N=1 reliably informs the person doing the test and very few others (unless they happen to be related to the tester). But such tests can throw up interesting hypotheses that may be proven, in larger trials, to be widely applicable.

Large-scale studies more reliably inform not only the participants, but also many others - because each individual is likely to be nearer to the average of a large population than to one other individual.

For example, a study involving 10,000 women who are APOE4 homozygous carriers is likely to be more applicable to you than a study involving only one such carrier. That's because you're more likely to be like the average of the 10,000 women, genome-wise, than like the one individual woman - unless that individual happens to be related to you.

As genome-wide associations gain usage, smaller and smaller sample sizes will suffice for extrapolations to genomically similar populations.

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Re: Genetic differences & Alzheimer's disease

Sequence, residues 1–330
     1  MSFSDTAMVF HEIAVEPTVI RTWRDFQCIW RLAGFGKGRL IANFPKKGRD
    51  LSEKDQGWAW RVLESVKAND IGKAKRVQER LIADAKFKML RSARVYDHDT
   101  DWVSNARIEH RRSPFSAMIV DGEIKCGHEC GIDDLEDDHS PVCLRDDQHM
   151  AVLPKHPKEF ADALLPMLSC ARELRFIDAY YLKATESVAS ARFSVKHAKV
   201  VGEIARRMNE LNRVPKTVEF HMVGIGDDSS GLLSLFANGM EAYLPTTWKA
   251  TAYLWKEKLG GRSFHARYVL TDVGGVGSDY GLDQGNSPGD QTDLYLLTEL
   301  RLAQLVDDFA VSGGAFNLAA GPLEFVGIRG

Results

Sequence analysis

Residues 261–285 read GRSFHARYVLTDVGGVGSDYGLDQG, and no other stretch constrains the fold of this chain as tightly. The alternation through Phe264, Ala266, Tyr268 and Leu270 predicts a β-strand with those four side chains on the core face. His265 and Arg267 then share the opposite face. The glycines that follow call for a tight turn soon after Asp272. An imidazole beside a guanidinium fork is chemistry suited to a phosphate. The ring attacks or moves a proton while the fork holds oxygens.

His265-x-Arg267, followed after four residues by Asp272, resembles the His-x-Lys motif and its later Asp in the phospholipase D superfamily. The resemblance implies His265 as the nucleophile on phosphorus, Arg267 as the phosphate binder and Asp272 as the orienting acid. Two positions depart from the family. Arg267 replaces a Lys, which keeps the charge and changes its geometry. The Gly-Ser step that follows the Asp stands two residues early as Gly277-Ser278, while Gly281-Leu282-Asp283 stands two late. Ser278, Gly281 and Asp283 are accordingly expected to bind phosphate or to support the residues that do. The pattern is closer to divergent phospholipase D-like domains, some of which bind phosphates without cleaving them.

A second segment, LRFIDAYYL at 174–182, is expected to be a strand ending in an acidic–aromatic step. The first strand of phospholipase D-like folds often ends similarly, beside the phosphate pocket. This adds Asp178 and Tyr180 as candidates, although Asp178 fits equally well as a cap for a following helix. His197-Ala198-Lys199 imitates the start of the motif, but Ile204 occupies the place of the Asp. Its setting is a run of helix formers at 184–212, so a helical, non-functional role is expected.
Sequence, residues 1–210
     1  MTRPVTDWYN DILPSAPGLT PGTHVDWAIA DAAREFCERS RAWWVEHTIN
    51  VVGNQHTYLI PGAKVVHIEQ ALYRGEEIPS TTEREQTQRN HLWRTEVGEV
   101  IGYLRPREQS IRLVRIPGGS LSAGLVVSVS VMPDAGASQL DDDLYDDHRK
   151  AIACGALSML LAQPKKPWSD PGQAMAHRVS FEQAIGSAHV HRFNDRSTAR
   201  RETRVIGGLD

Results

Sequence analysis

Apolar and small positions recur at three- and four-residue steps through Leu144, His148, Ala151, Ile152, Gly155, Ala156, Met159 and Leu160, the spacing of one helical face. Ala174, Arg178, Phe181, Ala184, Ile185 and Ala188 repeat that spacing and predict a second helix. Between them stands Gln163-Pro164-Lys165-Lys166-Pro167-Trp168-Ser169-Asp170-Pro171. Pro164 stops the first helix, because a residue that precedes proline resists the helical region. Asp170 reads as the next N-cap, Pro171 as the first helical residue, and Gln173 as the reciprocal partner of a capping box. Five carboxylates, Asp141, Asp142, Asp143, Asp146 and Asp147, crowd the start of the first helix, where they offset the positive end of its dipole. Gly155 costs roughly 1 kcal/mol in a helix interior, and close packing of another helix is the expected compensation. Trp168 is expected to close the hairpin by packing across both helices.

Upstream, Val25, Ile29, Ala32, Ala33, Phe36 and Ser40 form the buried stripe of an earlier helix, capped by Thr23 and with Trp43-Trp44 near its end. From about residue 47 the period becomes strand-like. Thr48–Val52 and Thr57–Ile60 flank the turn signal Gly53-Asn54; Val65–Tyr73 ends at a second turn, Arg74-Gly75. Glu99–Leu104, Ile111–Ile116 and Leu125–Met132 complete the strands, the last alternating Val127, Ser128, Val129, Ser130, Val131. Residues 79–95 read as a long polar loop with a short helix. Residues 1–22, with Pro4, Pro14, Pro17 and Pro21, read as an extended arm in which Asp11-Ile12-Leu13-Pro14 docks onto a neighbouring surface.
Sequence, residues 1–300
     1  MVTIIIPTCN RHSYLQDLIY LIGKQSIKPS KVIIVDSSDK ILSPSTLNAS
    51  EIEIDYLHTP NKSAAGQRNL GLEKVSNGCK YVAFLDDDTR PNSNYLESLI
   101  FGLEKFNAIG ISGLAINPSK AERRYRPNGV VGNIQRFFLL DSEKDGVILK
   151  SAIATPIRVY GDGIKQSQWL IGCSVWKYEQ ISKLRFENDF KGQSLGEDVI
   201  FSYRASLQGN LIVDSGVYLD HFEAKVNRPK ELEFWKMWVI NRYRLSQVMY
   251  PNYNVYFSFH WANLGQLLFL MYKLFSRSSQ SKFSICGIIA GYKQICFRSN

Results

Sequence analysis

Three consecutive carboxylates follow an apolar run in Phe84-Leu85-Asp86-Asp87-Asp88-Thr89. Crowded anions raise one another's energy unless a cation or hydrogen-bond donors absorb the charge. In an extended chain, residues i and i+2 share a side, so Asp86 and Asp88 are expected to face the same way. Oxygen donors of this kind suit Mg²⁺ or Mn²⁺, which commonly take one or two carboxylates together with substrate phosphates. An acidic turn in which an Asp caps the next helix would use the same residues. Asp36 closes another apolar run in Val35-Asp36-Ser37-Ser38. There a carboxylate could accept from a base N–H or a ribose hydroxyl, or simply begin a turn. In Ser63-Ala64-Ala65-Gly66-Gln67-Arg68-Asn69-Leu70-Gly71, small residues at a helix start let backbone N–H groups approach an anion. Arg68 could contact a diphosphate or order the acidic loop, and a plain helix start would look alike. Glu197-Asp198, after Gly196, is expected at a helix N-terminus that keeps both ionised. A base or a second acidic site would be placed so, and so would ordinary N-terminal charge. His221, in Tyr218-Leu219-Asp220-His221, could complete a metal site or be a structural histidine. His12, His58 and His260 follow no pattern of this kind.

Postby Julie G » Fri Feb 16, 2018 9:59 am

For example, a study involving 10,000 women who are APOE4 homozygous carriers is likely to be more applicable to you than a study involving only one such carrier. That's because you're more likely to be like the average of the 10,000 women, genome-wise, than like the one individual woman - unless that individual happens to be related to you.

We're in complete agreement.
Rely more on large-scale studies and genome-wide associations, less on anecdotal evidence or small-scale studies.

...with the exception of N=1 as nothing else advises the individual more powerfully.

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Re: Genetic differences & Alzheimer's disease

Postby Searcher » Fri Feb 16, 2018 11:46 am

Julie G wrote:
Rely more on large-scale studies and genome-wide associations, less on anecdotal evidence or small-scale studies.

...with the exception of N=1 as nothing else advises the individual more powerfully.



Julie, N=1 for oneself is tweaking or selecting interventions to fit oneself. Everyone rightly does that. If something disagrees with them, they try changing it a bit or using alternatives. If something is working well, they persist with it. All that makes complete sense.

N=1 by others is less useful to a given individual. Unless the others happen to be identical twins or close relatives who have similar habits and practices to that individual.

So, when large-scale studies show benefits from an intervention (eg., green leafy vegetables improve well-being in many ways), then the unfavorable N=1 outcomes or adverse effects in an individual (eg., too frequent bowel movements) don't overturn the findings of the large-scale study for others.